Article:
Component of typical spinal nerve. Transmits pain, temp. touch, pressure and proprioception to the spinal cord

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Somatic Motor (General Somatic Efferent)

Transmits impulses from spinal cord to skeletal muscle

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Visceral Sensory (General Visceral Afferent)

Transmits reflex pain from viscera, glands, mucous membranes and blood vessels to spinal cord

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Visceral Motor (General Visceral Efferent)

Transmits impulses from CNS to smooth muscle and glandular tissue (ANS)

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Posterior Cutaneous Branch

From dorsal ramus, provide innervation of back skin

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Anterior Cutaneous Branch

from ventral ramus for skin innervation

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Medial Cutaneous Branch

from ventral ramus for skin innervation

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Presynaptic neuron (ANS)

Initial signal. Does not touch organ/muscle being innervated. Leaves spinal cord/brain and connects with sympathetic chain to postsynaptic neuron.

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Post synaptic neuron (ANS)

Located in the periphery. Receives signal from the presynpatic neuron and transmits it to the target organ/muscle.

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Thoracolumbar Division of Visceral Motor System

T1-L2, location of lateral horn (presynaptic ANS cell bodies). Energy Expending System. (Fight/Fright/Flight). Nt: Norepinephrine.

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Lateral Horn

Involved in activity of sympathetic division of the autonomic motor system. Present at T1-L2.

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Sympathetic chain of ganglion.

Hangs off the spinal nerve. Part of the autonomic nervous system. Uses the spinal nerves to distribute ANS sympathetic information to the body. Connects via ramus communicans. Begins at C1 and ends as ganglion impar before coccyx starts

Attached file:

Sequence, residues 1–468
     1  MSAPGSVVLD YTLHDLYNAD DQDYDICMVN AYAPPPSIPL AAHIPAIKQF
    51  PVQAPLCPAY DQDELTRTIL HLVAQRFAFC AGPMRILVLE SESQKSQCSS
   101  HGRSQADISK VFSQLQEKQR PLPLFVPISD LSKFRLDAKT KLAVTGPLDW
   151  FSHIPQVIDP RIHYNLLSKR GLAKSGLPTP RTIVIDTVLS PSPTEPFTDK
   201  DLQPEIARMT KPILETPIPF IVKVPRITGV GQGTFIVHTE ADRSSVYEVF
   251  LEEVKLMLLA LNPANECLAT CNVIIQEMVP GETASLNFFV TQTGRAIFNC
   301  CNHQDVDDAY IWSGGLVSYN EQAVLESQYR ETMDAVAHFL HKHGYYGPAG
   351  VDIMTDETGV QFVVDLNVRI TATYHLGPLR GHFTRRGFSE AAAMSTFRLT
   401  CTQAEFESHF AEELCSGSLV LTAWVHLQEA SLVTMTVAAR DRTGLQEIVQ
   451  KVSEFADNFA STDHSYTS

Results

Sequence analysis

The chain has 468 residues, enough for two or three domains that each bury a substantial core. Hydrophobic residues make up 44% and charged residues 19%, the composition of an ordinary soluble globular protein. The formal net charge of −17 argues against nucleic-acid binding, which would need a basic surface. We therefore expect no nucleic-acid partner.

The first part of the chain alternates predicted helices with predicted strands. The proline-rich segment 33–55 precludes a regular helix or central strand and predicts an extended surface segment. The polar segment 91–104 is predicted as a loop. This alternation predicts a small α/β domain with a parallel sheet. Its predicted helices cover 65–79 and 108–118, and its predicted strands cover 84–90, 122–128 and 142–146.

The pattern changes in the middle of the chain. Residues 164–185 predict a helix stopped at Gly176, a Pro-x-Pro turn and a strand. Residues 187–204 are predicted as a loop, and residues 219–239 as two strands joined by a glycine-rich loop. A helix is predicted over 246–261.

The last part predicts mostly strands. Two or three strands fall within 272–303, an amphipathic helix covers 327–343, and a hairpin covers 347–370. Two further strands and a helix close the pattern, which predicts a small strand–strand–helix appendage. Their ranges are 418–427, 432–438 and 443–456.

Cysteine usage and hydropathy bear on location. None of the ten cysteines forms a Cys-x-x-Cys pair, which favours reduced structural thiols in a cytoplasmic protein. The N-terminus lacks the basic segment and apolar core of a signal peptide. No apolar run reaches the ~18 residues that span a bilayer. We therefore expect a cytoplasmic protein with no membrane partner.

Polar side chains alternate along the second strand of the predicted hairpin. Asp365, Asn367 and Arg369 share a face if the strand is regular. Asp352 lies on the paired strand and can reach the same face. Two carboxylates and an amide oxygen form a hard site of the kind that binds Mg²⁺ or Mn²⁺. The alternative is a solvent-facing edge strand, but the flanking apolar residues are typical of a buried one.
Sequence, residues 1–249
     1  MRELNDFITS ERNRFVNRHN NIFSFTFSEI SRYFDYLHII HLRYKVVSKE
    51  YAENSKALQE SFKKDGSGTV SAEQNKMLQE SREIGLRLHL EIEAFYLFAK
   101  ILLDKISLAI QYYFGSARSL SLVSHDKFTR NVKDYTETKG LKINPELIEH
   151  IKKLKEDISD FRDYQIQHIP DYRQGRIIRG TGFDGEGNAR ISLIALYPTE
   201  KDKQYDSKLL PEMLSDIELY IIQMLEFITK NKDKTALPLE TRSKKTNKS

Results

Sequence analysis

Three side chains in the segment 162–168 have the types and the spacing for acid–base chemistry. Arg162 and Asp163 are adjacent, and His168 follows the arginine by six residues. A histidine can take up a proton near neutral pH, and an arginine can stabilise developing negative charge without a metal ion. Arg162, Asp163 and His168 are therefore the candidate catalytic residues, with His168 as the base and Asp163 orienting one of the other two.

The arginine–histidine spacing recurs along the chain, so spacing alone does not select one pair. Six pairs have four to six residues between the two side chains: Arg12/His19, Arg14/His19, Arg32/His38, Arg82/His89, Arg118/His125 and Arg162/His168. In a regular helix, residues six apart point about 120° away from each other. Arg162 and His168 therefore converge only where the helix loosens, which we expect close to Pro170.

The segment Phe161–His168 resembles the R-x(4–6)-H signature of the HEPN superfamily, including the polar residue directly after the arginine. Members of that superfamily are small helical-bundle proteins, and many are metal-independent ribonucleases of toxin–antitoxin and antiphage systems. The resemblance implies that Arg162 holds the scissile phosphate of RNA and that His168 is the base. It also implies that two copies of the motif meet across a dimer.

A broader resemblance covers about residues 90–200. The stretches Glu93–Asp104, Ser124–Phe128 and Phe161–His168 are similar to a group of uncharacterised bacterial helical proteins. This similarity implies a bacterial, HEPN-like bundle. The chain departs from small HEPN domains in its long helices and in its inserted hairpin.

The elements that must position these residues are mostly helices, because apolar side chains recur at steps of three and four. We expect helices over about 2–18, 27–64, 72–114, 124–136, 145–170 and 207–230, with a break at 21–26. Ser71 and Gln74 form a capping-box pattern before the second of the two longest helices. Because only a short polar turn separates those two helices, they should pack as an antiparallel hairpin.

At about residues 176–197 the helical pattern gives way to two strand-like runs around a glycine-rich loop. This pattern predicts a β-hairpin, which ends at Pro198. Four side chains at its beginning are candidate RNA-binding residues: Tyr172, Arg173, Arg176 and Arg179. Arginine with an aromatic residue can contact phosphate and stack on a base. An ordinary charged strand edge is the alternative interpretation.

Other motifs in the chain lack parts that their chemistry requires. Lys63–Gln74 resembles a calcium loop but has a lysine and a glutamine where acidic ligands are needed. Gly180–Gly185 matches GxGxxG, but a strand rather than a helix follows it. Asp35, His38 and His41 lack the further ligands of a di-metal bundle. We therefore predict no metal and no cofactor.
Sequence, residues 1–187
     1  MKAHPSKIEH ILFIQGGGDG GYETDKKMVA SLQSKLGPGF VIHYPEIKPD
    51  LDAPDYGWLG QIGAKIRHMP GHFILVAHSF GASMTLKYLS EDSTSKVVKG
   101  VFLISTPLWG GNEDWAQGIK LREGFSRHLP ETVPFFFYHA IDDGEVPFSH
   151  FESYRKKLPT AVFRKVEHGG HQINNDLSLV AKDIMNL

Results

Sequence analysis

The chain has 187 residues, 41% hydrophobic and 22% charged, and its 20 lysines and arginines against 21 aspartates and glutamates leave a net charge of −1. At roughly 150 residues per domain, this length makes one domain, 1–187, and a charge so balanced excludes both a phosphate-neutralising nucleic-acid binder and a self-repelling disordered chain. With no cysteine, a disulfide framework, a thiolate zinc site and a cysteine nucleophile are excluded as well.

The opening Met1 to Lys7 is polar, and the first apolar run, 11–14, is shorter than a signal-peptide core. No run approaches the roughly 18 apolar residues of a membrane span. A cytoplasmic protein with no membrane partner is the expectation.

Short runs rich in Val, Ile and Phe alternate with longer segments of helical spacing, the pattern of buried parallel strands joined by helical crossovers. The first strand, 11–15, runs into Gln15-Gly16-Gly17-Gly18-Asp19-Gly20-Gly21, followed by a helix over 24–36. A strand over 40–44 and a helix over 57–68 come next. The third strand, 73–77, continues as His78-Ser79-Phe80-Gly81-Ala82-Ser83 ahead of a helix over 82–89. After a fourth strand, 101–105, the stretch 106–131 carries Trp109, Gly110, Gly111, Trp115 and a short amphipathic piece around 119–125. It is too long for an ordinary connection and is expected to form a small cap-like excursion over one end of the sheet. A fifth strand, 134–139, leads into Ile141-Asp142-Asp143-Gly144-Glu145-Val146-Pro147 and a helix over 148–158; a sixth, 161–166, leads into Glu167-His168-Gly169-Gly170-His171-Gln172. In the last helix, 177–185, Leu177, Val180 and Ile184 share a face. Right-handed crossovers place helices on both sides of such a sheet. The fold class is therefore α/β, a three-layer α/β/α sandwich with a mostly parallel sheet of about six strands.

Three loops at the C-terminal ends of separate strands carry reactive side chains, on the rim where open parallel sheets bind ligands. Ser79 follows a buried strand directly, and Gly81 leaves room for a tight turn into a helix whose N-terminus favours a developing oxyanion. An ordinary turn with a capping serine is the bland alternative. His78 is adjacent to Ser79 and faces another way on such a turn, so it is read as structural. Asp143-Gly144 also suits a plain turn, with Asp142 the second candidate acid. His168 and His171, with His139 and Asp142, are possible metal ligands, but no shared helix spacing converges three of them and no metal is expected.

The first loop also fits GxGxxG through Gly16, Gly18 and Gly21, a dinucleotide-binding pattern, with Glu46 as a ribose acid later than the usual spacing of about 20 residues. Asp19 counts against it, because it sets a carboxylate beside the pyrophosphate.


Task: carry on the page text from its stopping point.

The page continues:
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Ramus Communicans

Nerve connecting spinal nerve to sympathetic chain/trunk. Can be either more myelinated (white) or less myelinated (gray)

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White Ramus Communicans

Contain preganglionic nerve fibers of the sympathetic nervous system. Need to fire faster because they are the initial transmission.

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Gray Ramus Communicans

Contain postganglionic nerve fibers of the sympathetic nervous system.

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Ganglion impar

End of the sympathetic chain

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Course of presynaptic fibers of thoracolumbar

Enter spinal nerve via ventral root, enter sympathetic chain via white ramus, may synapse immediately or choose to ascend/descend to relevant level, can chose to pass through the sympathetic trunk without synapsing (sphlanic nerves to prevertebral ganglion)

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Course of postsynaptic sympathetic fibers

Run through the gray ramus entering the spinal nerve. If from head: follow branches of carotid. If sphlanchnic: follow branches of the abdominal aorta. Visceral Afferent (Sensory) Neurons run with the Sympathetic Division of the ANS in a Dermatomal pattern

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Parasympathetic

Energy conserving. Feed/assimilate. Sites of presynaptic cell bodies are physically separated: CN III, VII, IX, X & S2,3,4. Sites of postsynaptic cell bodies are within the organ/muscle they innervate. LONG PRESYNAPTIC, SHORT POSTSYNAPTIC. Frequently called the cranialsacral division. Nt: Acetylcholine.

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Endoneurium/Perineurium/Epineurium

In the peripheral nervous system, nerve fibers are each wrapped in a protective sheath known as the endoneurium. These are bundled together into groups known as fascicles, each surrounded by a protective sheath known as the perineurium. Several fascicles may be in turn bundled together with a blood supply and fatty tissue within yet another sheath, the epineurium.